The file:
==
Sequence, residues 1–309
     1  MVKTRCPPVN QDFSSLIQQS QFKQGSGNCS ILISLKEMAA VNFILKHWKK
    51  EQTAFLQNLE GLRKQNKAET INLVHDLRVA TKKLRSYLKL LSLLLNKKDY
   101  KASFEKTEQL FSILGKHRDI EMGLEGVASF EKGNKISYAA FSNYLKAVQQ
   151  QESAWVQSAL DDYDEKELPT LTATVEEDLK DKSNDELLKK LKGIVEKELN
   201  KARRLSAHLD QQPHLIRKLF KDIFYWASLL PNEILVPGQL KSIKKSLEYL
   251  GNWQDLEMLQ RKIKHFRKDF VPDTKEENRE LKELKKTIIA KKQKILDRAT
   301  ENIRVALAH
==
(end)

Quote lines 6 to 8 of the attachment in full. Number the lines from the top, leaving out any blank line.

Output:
   201  KARRLSAHLD QQPHLIRKLF KDIFYWASLL PNEILVPGQL KSIKKSLEYL
   251  GNWQDLEMLQ RKIKHFRKDF VPDTKEENRE LKELKKTIIA KKQKILDRAT
   301  ENIRVALAH